You may have noticed that in this series, I'm a little more hesitant than usual in proclaiming what I think. There's a reason for that. What it comes down to is, I'm less convinced than usual that what I think is correct - and less convinced that I should be trying to convince you.
Culturally speaking, I am not an intellectual. Which is to say, I think about many of the topics that intellectuals think about, but I do not sympathize with the methods of intellectualism. I do not sympathize, for the same reason that I do not sympathize with the methods of religion. Religious people have their faith, which I cannot abide, and intellectuals have their long and tenuous chains of logic, which amount, in the end, to something like faith. Both are too far removed from observation. I refuse to believe in anything too far removed from what I can see or clearly deduce from what I can see.
But look here, you say, we showed up at this blog thinking it was going to be all handy tips on damar varnish and gum arabic, and instead, it's reasoning on the most abstract of topics.
True. But it is the most empirical abstraction you will find. Have you ever met a grunt-work scientist? The kind of scientist who actually does the dissections of rat brains and the checking of electrical potentials in individual cells? Those people are making real observations. I have a lot of sympathy with them. And to the extent that I am comfortable making claims about abstract things, it is because I model my investigative process on their plodding, cut-and-dried methods.
Let me explain. I am not in a laboratory, messing around with mice and monkeys. I write a lot of cognitive science here, but I am spending the other half of my time talking about things pertaining to the soul. I am not in a laboratory - I am using myself as a laboratory.
I think that a lot of pre-scientific philosophizing, particularly on epistemology, had something of this method to it. You sit in a quiet place, and you think about things, and you train yourself to become aware of the twitches in your mind, and your brain. Observing these twitches, you learn things about what your mind and your brain are up to. You've been thinking about abstractions, but you've been making empirical observations of their interaction with you.
This is not entirely the abject quackery it sounds. You've seen a map of brain centers, right?
When I was quite small, I became aware that such maps existed, but I hadn't seen one. So I sat myself down in a dark, cool, quiet room, and thought about all the subjects I could think of, one at a time. I noted what my brain felt like - a kind of hollowness throughout, but a more dense, copper-wool-like feeling in the place where I was holding the subject I was focusing on.
When I was done, I made a diagram of where every subject seemed to occur. Then I looked up the standard brain map. The subject areas listed in the map were not quite the same as the ones I thought of, but mostly they were close, and the diagram and the map corresponded.
This was the very beginning of the method I am still applying in thinking about thought and emotion, and it is the method I am using to write this blog. We are discussing abstract things, but we are not going on faith - at least not on my end. Similarly, we are not indulging in chains of reason more than a few links long. Reason is a mighty tool, but it is also prone to letting you conclude whatever you like, if you are reasoning about a complex topic and get too far from observation.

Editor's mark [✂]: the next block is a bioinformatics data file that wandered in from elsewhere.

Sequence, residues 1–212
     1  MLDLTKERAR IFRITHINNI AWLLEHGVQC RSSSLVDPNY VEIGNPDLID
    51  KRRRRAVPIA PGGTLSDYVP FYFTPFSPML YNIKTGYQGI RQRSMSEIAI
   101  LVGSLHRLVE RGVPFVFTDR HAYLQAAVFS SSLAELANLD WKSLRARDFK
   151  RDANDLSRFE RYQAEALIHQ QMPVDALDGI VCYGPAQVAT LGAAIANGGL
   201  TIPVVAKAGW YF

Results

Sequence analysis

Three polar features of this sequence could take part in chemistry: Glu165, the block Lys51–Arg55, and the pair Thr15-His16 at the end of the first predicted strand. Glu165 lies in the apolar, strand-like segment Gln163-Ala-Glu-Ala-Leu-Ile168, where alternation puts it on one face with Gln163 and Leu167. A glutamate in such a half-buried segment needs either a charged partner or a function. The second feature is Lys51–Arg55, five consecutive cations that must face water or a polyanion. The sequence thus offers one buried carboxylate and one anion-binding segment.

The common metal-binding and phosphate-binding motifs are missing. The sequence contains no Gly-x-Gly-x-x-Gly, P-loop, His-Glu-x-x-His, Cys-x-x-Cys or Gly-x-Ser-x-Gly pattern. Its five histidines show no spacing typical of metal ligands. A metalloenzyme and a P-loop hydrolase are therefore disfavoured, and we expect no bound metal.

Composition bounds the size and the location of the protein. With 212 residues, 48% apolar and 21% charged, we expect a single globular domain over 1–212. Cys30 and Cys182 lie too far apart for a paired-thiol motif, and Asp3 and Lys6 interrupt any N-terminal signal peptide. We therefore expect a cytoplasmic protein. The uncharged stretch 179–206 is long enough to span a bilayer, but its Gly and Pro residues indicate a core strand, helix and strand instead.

This brings me to the weakness of these posts on beauty. I am working up a large general argument about beauty, but too much of it reeks to me of received wisdom and reasoning. It is an immensely complex topic, and I am not even convinced that when we say "beauty" we mean one single phenomenon - I think in the end it is more like "schizophrenia," a term that increasingly seems to sloppily group together a host of similar-looking diseases.
I am doing the best I can to honestly interrogate myself - ferret out my hidden motives, question my assumptions, test my responses to different phenomena. But I cannot promise that I am not pitching you a line of pure and utter bullshit. So just - keep that in mind, will you? These notes are more like a good jumping-off point for your own inquiry, I think, than the word from on high. I hope they'll provide you with some interesting material, if this is the sort of thing you like to mull over.
And let's not forget one final, unpredictable force - sudden insight, which is also called revelation. I think of revelation as the empiricism of the non-physical. Without our ability to set aside all of our thinking, we cannot make sudden leaps. I don't write this blog, much, from the perspective of the sudden leap - but I work that way entirely as an artist. I cannot make a single picture unless I first make the sudden leap. And these leaps are non-reducible, non-analytic, and have no specific rational content.
I just finished a painting. Let me tell you a bit about it. I was working with the model for the first time. She is very assertive of herself, with a sexual edge to this self-assertion. At the same time, she seemed to me very vulnerable. For many of us, at least some of our vulnerability lies in the flesh, in the physical boundary between ourselves and the world. Not for her; her flesh is not the locus of her vulnerability, but vulnerable she is. So I wanted to do a painting where this unusual personality mix manifested. For completely random reasons, I also wanted the painting to have rainbows in it. All these concepts were in my head for months before I had an idea for a painting. Then all of a sudden, where there was no idea - suddenly there was an idea. Perhaps it relates to the things that were on my mind, perhaps it doesn't. Here it is:
I'm not sure what my point is here - except for this: don't trust me.
11 hours ago